Both franchises have similarly respectable roots but both veer off in the end.
‘Saw’s’ concept was born from the creators, James Wan and Leigh Whannell, wanting to make a movie but having less than 1 million dollars to do so. Their predicament led them to come up with the idea to set most of the movie in 1 room. Cary Elwes (Dr. Gordon) explained how Wan and Whannell expanded on this idea for the rest of the movie’s story (0:33).
The whole concept of the film was born out of the fact that they had no money. We can’t have them leave the room, so we have to chain them somehow to the wall, and then they asked themselves the question, “why are they changed there?”
‘Paranormal Activity’ was also made on a low budget, but this was done on purpose to show how effective smaller budget horror movies can still be, which ‘Saw’ reminded people of. The first ‘Saw’ was a huge hit popularizing the horror sub-genre preferred to as “torture-porn,” as ‘Paranormal Activity’ did with found footage, for the modern generation. Given ‘Paranormal Activity’s’ link to the franchise, Wan and Whannell’s inspiration for ‘Saw’ ironically came from ‘The Blair Witch Project.’
Whannell served as a writer for ‘Saw II and Saw III’, and him and Wan worked on the story together for ‘Saw III.’ For them the story ended there, but Twisted Pictures, production company, decided the hell with artistic integrity. The franchise was continued for 4 films, with a new film continuing to be released every October.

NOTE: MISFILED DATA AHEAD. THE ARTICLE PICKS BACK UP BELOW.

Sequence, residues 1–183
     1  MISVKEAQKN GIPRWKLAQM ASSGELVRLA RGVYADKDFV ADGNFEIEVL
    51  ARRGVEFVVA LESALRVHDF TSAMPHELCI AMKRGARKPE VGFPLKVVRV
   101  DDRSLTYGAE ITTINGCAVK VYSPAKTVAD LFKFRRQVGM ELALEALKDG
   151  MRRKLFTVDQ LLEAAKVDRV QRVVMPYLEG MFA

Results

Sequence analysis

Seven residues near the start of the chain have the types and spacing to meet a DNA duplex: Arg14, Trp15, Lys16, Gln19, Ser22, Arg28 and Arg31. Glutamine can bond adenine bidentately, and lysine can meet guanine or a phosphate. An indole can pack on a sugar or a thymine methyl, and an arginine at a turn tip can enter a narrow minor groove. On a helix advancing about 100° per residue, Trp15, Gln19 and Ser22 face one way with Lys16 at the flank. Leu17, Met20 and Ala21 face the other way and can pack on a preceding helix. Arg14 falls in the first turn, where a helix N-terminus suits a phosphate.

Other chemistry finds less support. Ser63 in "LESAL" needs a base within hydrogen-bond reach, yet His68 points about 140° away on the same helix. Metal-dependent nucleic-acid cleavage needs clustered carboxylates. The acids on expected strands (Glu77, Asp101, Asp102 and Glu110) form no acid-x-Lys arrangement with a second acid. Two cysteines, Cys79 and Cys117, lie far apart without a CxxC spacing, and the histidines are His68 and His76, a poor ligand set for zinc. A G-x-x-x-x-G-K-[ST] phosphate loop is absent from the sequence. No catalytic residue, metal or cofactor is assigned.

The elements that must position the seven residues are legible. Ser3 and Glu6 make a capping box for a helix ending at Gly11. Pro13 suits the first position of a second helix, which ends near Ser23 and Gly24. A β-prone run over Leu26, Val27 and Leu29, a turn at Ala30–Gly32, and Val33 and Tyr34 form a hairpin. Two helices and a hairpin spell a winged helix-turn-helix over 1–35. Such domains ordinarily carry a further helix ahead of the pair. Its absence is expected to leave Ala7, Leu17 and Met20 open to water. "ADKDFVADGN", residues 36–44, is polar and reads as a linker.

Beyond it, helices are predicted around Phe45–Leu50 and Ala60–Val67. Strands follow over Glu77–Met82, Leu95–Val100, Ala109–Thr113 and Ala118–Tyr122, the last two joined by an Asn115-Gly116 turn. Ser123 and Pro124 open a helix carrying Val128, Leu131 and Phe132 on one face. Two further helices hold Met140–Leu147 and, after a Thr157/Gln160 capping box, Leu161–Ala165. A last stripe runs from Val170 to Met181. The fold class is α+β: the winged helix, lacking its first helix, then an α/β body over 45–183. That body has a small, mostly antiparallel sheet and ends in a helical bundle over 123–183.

Like with every genre and sub-genre, audiences grew tired of torture and turned their attention to found footage, when ‘Paranormal Activity’ beat Saw VI in Saw VI’s opening weekend at the box office. This proved that the ‘Saw’ Franchise, for a way of speaking, became a cow that couldn’t milked much further, which resulted in Saw 3D being the end of the franchise.
With that, ‘Paranormal Activity’ became the new ‘Saw,’ and new installments would be released every October for the next 3 years. Paranormal Activity lost momentum way quicker than Saw though, as audiences decided to tune after the 4th one was just the same thing again. I honestly keep forgetting ‘Paranormal Activity: The Marked Ones’ exists, and hardly anyone even cared about 2015’s ‘Paranormal Activity: The Ghost Dimension’, which proved to be an unsatisfying conclusion to the series.
If ‘Paranormal Activity’ had ended after the first film, the movie would be held in much higher regard. Sure, a lot of people think it’s great, but the movie’s reputation was retroactively damaged by how worthless the sequels were. Saw, at least, kept its dedicated fan-base to the end, even though they were just taking advantage of them. The ‘Saw’ and ‘Paranormal Activity’ franchises are similar to how the ‘Twilight’ and ‘The Hunger Games’ franchises ended up going. Despite the unnecessary splitting of Breaking Dawn for two movies, the fans were still invested. By the time, Hunger Games did the same thing, the final film’s returns weren’t as great as they could’ve been, if the final book was just made it one movie.
As for the future of the ‘Saw’ and ‘Paranormal Activity’ franchises, Saw seems like it’ll do better, commercially, in the end, as an 8th film is on the way. There’s still interest in the franchise, where Paranormal Activity pretty much became a dead horse. While there aren’t any future installments currently planned, there is a VR game coming out this year. Unfortunately though, both these franchises should’ve just stopped while they were ahead, as it is with most movie franchises.